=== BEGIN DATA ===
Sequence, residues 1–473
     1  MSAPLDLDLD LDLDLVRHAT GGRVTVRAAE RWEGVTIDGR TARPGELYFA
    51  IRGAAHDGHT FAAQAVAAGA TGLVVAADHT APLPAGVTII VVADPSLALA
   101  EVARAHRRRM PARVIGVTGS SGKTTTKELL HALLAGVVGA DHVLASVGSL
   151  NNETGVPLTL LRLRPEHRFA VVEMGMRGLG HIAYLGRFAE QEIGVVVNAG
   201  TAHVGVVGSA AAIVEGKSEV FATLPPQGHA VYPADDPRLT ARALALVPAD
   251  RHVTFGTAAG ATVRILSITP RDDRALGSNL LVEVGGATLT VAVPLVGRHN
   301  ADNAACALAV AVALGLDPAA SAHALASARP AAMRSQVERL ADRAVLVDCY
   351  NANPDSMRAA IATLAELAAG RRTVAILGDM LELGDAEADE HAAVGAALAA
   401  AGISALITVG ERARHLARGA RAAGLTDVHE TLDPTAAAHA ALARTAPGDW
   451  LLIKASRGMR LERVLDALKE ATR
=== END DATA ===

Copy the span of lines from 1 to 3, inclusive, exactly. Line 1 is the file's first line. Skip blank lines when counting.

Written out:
Sequence, residues 1–473
     1  MSAPLDLDLD LDLDLVRHAT GGRVTVRAAE RWEGVTIDGR TARPGELYFA
    51  IRGAAHDGHT FAAQAVAAGA TGLVVAADHT APLPAGVTII VVADPSLALA